Question and answer time:
I was about to post a comment on the thread, "Want that $1m in liquid assets or $120K in passive income? Thursday 19 March 2015".
AK: I am probably semi-skilled but, yes, I think we should know both fundamental analysis and technical analysis. Fundamental analysis (both quantitative and qualitative) tells us the track record, health and prospects of a business while technical analysis provides us a window into Mr. Market's emotions which might give us clues as to when might be a better time to buy (or sell).
2. Do you do any trading currently or in the past and what is your take on trading? Considering advocating a certain % of my portfolio to it. Not sure if it's the right move. Say 5-10%.
AK: I do a bit of trading and make some good money from time to time when I see what I feel is a good set up. So, it is not about allocating a percentage of my resources to trading. It is about whether there is a good set up. I will say that a good trader must know technical analysis. There are many tools in technical analysis. Each of us will have to choose the tools that we are best at interpreting with a high level of confidence. Only time will tell which combination of tools works best for us.
AK: What I will tell you to do is to explore all the options and then ask yourself if the options will meet your objectives. Choose the one that meets your objectives best. Which method we choose must match our motivations. It is about choosing the right tool for the job we want to have done. I have my own way and I am careful to say that it is never my way or the highway.
AK: The CPF is a risk free and volatility free instrument available only to Singaporeans and Singapore PRs. If we can, we should take full advantage of it. Money in the CPF-SA earns 4% to 5% per annum but the downside is that it is not near money. I decided very early on that I wanted something that I didn't have to worry about monitoring which would give me a meaningful nest egg. The CPF-SA was an obvious choice for me. It is a low hanging fruit which I decided to pick very early on. If all my investments should go awry, I would still have my CPF savings. I used cash on hand to invest in stocks and used some of the funds in my CPF-OA for investments for the first time during the GFC.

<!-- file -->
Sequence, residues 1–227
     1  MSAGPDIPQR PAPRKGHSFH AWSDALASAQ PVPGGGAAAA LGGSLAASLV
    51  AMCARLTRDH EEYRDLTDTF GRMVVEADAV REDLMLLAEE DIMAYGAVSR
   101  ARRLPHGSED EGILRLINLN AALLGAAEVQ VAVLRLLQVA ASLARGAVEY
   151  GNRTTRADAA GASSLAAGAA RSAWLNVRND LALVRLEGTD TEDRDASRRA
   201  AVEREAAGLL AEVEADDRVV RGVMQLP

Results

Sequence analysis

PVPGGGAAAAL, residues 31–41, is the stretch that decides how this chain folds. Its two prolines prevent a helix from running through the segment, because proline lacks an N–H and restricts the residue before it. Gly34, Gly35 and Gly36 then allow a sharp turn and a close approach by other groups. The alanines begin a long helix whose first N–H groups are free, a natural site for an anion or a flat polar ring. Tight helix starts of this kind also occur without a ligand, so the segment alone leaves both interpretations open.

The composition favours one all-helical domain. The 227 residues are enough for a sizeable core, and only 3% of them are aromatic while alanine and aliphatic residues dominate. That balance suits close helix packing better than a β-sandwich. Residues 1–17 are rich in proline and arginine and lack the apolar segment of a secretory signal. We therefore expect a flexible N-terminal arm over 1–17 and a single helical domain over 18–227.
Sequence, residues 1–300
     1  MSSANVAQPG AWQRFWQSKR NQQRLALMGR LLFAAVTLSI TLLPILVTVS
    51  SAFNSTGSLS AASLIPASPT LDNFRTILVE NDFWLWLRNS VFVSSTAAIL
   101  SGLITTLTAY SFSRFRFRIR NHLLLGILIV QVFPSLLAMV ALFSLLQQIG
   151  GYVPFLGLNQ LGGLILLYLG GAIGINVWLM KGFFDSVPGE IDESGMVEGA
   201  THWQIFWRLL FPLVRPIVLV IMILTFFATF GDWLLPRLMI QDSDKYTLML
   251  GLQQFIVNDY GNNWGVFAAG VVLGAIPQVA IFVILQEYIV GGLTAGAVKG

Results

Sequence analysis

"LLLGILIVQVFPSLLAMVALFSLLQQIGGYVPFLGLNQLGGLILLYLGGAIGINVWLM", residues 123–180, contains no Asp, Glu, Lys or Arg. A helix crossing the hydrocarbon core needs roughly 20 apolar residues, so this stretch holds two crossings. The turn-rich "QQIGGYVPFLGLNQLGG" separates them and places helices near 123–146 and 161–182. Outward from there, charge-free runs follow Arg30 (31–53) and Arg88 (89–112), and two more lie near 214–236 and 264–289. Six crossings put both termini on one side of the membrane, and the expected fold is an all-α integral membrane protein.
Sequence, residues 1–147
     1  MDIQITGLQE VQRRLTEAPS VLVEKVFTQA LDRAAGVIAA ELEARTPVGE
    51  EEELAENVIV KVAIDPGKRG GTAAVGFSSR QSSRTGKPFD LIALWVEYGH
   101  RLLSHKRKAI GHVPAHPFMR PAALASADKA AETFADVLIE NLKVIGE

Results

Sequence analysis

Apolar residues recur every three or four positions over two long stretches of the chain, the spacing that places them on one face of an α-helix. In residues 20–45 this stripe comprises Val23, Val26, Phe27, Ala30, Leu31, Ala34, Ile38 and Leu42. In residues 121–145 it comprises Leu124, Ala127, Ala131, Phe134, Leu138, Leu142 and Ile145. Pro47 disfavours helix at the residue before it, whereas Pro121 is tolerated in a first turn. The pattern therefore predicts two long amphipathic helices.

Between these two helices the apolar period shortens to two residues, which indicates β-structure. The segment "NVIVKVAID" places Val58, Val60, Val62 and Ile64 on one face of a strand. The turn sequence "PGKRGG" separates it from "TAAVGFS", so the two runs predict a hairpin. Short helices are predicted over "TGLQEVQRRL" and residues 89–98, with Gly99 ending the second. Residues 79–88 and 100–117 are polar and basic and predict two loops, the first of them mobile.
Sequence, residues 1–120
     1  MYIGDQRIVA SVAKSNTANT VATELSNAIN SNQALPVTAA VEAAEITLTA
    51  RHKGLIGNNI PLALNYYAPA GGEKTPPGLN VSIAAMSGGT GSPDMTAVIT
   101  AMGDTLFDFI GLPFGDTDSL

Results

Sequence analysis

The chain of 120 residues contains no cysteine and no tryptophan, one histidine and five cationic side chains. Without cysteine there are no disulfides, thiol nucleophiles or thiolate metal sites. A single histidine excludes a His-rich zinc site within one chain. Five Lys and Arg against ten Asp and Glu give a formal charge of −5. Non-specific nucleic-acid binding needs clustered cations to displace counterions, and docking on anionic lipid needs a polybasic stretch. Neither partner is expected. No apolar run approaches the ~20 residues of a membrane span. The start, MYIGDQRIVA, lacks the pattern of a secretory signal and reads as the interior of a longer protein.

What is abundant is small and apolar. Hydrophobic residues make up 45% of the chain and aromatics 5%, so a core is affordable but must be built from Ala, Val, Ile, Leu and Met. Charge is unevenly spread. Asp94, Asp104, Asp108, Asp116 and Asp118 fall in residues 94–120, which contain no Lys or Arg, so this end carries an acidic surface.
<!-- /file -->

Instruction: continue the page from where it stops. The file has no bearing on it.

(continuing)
5. The irreversible part of transferring is also an issue to me. Thus would it be prudent to transfer a certain % out instead? Say 50%. Or whatever I feel comfortable with. Open to ideas.
AK: Oh, for sure, whatever you do, you have to feel comfortable with the decision. What I am comfortable with, you might not feel the same. However, if you have read my blogs where I shared how much I have in my CPF-SA and CPF-OA today, bearing in mind that I transferred all the funds in my OA to the SA very early on as a working adult, it is possible to beef up our SA and yet have substantial savings in our OA by a certain age. It is about delaying plans to buy a home by a few years. It is about a willingness to downsize and locking in capital gains if the opportunity presents itself. It is about being prudent in personal finance always so that we have an option not to drain our CPF savings dry.
AK: If I had known the things I know now when I was much younger, I would not have bought any whole life or endowment plans. Of course, there is no way to know whether a much younger AK would have been a prudent investor or if he might lose all the savings from buying term instead. Anyway, now, I believe that we do not need a whole life policy (for examples, till 85 or 100 years old) unless we have dependents in our old age. Buying term life till age of 55, for example, makes better sense and we are more likely than not to save a bundle of money. (At 55, if we have been conscientious in our efforts to meet and exceed the minimum sum, we would probably be collecting a tidy sum from our CPF accounts then.)
If it is worth keeping, could I just upgrade the plan to have a higher premium and thus higher coverage, which you mentioned 500k, thus that would be my term insurance part settled? I understand 500k is just a rough guide and should be individualised.
AK: I think that is a value for money Term Life Insurance. How much insurance do you need? It depends on how important you are financially. Do you have dependents? How many are there? How much money from you goes to supporting them? What if you were to suffer from permanent disability and not death? These are some questions you have to consider when buying a term life policy. You might want to read: http://singaporeanstocksinvestor.blogspot.sg/2014/09/term-life-insurance-why-buy-term-how.html
AK: Your private H&S is an integrated shield plan. You don't have to do anything because Medishield Life will form the foundation of your private H&S plan.
AK: Well, always start with the basics.
a) Make sure that you are always prudent with your personal finance matters.
b) Get the necessary insurance coverage but don't overpay.
c) Know what are needs and wants. Delay gratification.
d) Go for low hanging fruits.
e) Invest in income producing assets to supplement your earned income.
f) Be an opportunist and buy more when assets are on sale.
g) To do that, have a war chest ready always.
AK: I have thousands of blogs by now and it is quite hard for me to track down specific blogs. From time to time, I unearth useful old blogs. I think if you were to do a search in my blog, you might find some of the blogs which might be useful to you. Many are already found in the right side bar of my blog.
Hope you could help a young Singaporean adult in a small way.
Sorry for the very very lengthy email.
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